The definitions surrounding gender and its expression are constantly evolving. Living in a visual society means being surrounded by images, each with their own message and these daily communications have the responsibility to represent diversity. Amongst previous conservative backdrops, we can see how far the population has travelled towards equality; the traditional concept of categorising human life is progressively diminishing. However, our collective history and current circumstances can often be less than forgiving about expressions of difference. As such, there remains work to be done. With widespread movements around LGBT+ rights, the present day is a critical time for breaking boundaries. If art represents the transitions within culture, what are we learning about systematically labelling bodies?
Coming Out: Sexuality, Gender & Identity at Liverpool’s Walker Art Gallery marks 50 years since the partial decriminalisation of male homosexual acts passed in England and Wales (1967 Sexual Offences Act), on 27 July 1967. From Derek Jarman and Steve McQueen to Anya Gallaccio and Zanele Muholi, the artists presented across 100 works have explored common thematic concerns since the act was passed. Charlotte Keenan, Curator of British Art at National Museums Liverpool, says, “Showcasing the results of several years of research, it will make visible the themes of sexuality, gender identity and queerness that lie at the heart of some of Britain’s most significant contemporary works. The exhibition also forms part of an even greater ambition for us; to make queer British art and its importance to history permanently visible within our galleries.” As referenced by Keenan the benefits of gender studies are promising; the field presents researchers and innovators with fertile ground for collaboration and investigation.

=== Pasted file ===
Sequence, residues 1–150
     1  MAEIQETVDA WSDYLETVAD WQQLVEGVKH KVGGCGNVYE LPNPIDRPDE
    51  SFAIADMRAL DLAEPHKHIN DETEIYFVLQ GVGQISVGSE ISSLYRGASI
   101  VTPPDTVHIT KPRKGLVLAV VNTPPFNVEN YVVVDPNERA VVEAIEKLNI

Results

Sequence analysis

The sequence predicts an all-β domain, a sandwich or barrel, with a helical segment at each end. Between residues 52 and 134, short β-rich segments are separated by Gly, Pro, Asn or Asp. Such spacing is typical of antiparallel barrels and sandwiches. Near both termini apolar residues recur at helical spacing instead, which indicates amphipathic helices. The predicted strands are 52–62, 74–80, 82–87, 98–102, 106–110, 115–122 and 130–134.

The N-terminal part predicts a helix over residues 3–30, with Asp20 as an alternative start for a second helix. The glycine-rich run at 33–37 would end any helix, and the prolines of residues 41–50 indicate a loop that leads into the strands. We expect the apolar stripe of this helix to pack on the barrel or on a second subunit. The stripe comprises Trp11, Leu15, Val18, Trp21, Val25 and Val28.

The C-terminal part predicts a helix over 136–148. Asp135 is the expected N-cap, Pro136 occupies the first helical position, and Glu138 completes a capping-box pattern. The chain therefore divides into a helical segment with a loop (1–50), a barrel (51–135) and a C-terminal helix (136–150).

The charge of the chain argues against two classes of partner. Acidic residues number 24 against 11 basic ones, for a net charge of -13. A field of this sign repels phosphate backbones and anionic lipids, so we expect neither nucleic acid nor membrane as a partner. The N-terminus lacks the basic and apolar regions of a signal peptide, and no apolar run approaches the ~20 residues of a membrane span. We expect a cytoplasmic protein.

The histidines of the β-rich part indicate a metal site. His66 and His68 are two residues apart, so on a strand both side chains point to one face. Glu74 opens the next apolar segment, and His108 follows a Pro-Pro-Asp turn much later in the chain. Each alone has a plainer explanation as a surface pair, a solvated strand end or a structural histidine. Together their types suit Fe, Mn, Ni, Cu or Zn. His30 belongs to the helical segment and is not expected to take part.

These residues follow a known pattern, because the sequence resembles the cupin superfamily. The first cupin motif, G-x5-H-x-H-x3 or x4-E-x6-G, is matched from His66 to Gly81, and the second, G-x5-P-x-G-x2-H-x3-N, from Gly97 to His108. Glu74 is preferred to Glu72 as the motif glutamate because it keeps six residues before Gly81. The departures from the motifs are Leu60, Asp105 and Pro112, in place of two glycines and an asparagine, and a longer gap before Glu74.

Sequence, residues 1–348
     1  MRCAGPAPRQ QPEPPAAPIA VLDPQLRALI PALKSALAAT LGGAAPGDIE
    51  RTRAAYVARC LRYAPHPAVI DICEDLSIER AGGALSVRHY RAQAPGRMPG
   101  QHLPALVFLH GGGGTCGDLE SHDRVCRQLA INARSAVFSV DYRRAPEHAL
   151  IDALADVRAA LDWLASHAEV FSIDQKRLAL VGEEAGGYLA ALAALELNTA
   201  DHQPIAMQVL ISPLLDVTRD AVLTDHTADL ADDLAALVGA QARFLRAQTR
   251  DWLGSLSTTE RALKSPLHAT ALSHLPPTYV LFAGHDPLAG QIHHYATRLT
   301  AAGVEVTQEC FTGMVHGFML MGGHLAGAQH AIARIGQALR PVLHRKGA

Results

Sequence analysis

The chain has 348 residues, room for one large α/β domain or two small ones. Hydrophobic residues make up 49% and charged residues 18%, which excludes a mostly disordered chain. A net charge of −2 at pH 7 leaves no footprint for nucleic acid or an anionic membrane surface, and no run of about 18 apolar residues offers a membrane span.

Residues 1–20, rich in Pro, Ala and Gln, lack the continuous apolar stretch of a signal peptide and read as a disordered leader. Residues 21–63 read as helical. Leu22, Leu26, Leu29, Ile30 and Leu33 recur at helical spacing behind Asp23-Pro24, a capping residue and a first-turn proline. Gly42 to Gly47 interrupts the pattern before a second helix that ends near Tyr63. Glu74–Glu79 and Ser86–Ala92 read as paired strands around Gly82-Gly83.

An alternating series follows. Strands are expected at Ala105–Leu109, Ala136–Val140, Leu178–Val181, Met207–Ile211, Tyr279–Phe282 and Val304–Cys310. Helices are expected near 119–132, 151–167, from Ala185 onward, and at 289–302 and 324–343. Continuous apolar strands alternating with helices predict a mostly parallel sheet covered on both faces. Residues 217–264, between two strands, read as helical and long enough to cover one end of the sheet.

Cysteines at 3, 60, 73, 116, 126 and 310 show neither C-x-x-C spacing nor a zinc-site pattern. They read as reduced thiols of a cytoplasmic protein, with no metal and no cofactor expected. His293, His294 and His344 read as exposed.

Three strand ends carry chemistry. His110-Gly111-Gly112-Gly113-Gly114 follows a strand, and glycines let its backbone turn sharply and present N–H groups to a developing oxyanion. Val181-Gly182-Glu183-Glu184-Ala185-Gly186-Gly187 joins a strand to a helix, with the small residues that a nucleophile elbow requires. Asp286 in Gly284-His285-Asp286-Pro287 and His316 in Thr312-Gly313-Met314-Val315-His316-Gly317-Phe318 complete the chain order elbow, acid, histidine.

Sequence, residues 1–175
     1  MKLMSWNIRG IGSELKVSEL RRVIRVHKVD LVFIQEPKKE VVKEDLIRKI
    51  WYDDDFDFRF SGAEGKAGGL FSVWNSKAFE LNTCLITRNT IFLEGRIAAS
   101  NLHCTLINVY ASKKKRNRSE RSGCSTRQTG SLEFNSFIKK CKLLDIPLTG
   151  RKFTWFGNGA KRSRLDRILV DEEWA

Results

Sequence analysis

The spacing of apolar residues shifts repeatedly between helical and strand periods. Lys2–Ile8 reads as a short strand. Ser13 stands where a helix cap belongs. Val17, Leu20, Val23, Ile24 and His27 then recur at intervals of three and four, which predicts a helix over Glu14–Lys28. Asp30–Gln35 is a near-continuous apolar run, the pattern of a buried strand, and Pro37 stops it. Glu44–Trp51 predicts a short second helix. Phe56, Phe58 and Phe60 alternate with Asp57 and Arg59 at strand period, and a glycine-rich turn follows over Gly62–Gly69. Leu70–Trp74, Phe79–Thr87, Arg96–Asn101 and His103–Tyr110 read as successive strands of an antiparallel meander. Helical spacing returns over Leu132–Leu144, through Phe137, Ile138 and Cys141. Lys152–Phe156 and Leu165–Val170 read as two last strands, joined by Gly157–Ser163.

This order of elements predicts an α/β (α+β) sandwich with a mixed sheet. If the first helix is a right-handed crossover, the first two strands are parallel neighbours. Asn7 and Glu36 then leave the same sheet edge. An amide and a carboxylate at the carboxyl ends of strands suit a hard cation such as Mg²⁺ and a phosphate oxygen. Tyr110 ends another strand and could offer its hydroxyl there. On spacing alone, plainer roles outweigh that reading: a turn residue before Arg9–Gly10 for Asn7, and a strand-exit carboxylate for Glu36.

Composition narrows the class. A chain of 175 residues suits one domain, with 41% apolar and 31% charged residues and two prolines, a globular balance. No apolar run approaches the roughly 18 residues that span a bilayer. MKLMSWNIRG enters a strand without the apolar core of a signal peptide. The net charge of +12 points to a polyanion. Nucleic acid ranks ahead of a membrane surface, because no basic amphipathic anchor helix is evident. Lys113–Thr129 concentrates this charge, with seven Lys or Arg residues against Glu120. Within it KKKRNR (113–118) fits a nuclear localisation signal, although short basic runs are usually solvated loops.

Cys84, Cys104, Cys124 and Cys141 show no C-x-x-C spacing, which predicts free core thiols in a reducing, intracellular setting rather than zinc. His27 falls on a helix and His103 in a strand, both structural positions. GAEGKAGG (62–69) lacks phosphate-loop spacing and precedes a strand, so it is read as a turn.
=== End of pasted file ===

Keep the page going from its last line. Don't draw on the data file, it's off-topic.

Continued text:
Photographer and self-proclaimed visual activist, Zanele Muholi (b. 1972) explores the intersection between black lesbian and gay identities and politics in South African civilisation. The Forum for the Empowerment of Women (FEW) was co-founded by the practitioner in 2002 and is dedicated to providing a safe space for women to avail of support. By extension her photography is another feat of activism. Her approach documents the trajectory of queer identities for future generations. The images are acts of defiance and statements of change, targeting the problems of discrimination and prejudice at the source. For the series Faces and Phases (2006-11), Muholi photographed lesbian communities. She notes, “The portraits are at once a visual statement and an archive marking, mapping, and preserving an often invisible community for posterity.” The sensitive pieces challenge prevalent stigmas and debunk the common rhetoric that homosexuality is a betrayal of ideals from traditional and conventional African communities. Despite the pervading sense of negativity that surrounds this struggle for equality, the works are devoid of tension. Instead, they focus on presenting those that identify as LGBTQ+, as individuals to encourage unity.
Further examples include performance pieces by Paul Maheke and Nail Transphobia by activist Charlie Craggs. Whilst offering free manicures, Craggs chats to visitors, encouraging them to ask questions about her experience as a trans woman. This act of opening up dialogues addresses some common misconceptions. Gay Bar Directory by Hannah Quinlan and Rosie Hastings is an AV piece presenting footage of 180 bars across the UK, intended as a response to the gentrification of the gay scene in London. Co-artists Pauline Boudry and Renate Lorenz’s I Want (2015) is also included as a new acquisition through Art Fund’s New Collecting Award scheme. This film installation, featuring Sharon Hayes, is based on a script that plagiarises from the texts of feminist poet Kathy Acker, as well as whistle-blower Chelsea Manning. As a pioneer of the transgressional punk subculture, Acker challenges the phallogocentric power structures of language by using her work as a platform for controversial topics. Also an installation from John Walter’s Alien Sex Club (2017) includes tarot card readings, designed to encourage conversation and raise awareness around HIV.
The event, as a whole, presents gender as a broader social and cultural subject encapsulating race, sexual orientation, historical implications, social conditioning and economy structures. Coming Out forms part of an even greater ambition; to catalyse the progression of equality and shatter illusions. Therefore, it is not only desired, but necessary.
From 28 July until 5 November. Further information can be found at: www.liverpoolmuseums.org.uk
1. Zanele Muholi, Hlonipha Cassilhaus, Chapel Hill, North Carolina, 2016. Courtesy of Stevenson, Cape Town/ Johannesburg and Yancey Richardson, New York.